Wal-Mart plans to do away with layaway

Layaway at Wal-Mart will be a thing of the past after December. On Sept. 14, Wal-Mart announced it would begin moving toward removing its layaway program.

However, shoppers will still be able place gifts in layaway for this Christmas season. Nov. 19 is the last day customers can place items in layaway. The final pick-up day is Dec. 8.

Some customers are upset about the announcement.

April Ransom, a health science pre-physical therapy student from Monticello, said she was unaware of the change.

“It’s kind of shocking,” 24-year-old Ransom said.

Like many people, Christmas season was the only time Ransom used layaway.

She said she used it to buy a gift that was a little too expensive.

“(The gift) was a drum set for my little brother,” she said.

Ransom said layaway is helpful for students and others who cannot buy some things right away, especially during the holiday season. She will have to find other alternatives, she said.

“You just have to save up now,” Ransom said. “I’ll be saving up.”

Wal-Mart’s decision for the removal of layaway was based on economic reasons.

“The use of it has declined, so the cost for providing it has risen,” said Marisa Bluestone, spokeswoman for Wal-Mart. “Consumers continue to embrace options that were not available before.”

According to a press release, Wal-Mart found that shoppers were using “no-cost credit alternatives,” such as shopping online and using gift cards, instead of layaway.

Bluestone said Wal-Mart is currently offering zero percent financing and cash back offers for those who apply for Wal-Mart and Discover credit cards.

Wal-Mart is also developing other alternatives for customers, she said.

“We’re working on other types of payment options for those with limited credit options,” Bluestone said.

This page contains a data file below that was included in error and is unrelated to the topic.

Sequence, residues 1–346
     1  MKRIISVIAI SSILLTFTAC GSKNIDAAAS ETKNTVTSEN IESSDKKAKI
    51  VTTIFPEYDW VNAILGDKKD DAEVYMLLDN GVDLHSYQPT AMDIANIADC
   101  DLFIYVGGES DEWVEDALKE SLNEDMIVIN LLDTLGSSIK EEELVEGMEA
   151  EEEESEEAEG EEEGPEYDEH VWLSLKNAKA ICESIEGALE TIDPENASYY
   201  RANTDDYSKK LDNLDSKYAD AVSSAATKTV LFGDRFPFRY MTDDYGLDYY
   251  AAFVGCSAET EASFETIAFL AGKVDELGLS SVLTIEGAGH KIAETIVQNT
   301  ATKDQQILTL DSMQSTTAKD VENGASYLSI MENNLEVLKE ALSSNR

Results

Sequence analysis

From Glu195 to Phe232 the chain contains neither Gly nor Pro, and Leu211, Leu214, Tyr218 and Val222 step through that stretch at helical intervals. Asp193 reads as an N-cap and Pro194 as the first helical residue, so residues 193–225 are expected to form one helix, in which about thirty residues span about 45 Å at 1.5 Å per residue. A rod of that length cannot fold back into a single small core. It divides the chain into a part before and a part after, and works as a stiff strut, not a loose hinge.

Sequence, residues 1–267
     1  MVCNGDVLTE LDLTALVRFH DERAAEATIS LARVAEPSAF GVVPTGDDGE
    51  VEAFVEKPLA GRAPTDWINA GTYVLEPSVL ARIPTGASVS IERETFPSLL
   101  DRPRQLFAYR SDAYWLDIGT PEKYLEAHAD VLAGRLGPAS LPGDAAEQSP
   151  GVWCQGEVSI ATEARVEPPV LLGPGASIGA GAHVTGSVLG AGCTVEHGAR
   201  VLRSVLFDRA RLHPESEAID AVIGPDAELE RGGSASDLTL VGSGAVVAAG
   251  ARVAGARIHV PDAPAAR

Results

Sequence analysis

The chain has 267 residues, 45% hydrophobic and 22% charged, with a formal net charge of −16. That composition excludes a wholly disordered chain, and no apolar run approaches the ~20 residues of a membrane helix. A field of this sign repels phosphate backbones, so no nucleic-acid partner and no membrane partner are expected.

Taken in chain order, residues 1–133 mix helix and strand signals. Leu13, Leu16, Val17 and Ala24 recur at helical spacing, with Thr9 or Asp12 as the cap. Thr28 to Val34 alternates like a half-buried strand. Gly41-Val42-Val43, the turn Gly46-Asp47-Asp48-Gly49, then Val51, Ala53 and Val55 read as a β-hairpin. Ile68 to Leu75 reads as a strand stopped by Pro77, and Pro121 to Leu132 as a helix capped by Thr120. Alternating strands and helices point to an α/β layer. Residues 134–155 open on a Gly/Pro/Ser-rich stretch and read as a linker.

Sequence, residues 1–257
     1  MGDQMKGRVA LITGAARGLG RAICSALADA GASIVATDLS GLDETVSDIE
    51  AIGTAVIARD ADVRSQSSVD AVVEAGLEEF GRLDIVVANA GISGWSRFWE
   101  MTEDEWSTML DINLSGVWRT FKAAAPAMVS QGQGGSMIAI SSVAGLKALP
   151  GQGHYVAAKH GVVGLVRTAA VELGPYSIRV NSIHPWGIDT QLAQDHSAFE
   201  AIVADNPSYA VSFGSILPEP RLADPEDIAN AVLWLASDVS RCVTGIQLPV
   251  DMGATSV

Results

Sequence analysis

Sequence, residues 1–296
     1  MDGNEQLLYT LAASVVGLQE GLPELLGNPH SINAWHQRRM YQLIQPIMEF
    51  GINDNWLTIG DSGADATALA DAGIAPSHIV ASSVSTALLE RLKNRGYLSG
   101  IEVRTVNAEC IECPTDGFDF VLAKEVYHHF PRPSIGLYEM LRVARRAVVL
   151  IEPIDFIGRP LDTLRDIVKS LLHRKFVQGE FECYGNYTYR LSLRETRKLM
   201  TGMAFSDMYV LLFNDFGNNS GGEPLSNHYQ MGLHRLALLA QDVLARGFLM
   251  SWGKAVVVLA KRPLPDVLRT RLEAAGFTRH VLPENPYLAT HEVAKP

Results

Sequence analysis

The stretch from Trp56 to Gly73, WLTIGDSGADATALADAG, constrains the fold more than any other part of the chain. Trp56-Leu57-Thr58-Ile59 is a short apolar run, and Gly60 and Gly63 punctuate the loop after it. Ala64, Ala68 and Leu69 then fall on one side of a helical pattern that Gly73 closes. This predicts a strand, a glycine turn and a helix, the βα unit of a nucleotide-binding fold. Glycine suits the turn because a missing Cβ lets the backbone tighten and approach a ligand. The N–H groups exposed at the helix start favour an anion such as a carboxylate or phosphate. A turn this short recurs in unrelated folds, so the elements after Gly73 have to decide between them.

But while some students are disturbed by the future changes at Wal-Mart, others are not concerned at all.

Victricia Chandler, 20, said she doesn’t care if Wal-Mart gets rid of its layaway department.

“I have never used layaway,” said Chandler, a junior health care management student from Miami.

“I only buy groceries and hygiene products, and there’s no need to put those types of things on layaway,” she said.

Keith Rhodes, a 22-year-old from Los Angeles, also said Wal-Mart removing layaway does not bother him.

“I really don’t like using layaway. Either you have it or you don’t,” said Rhodes, a fourth-year business administration student.

However, some Florida A&M University students are concerned about shoppers who do use it.

Michael Silien, a freshman pre-pharmacy student, said the removal of layaway will be an inconvenience for the people who still want to use layaway.

“I don’t use it, but I can see how people believe it’s useful, especially, if they don’t have money. Not everybody is fortunate as others,” said Silien, an 18-year-old from Sunrise.

Tonya Smith, a 22-year-old from Miami, used layaway once for her bedroom decorations.

“I don’t think it should happen because this is a college town, and everyone doesn’t have funds,” said Smith, a senior health information management student.

“It’s unfortunate; it will be harder for those who have to use it,” Rhodes said.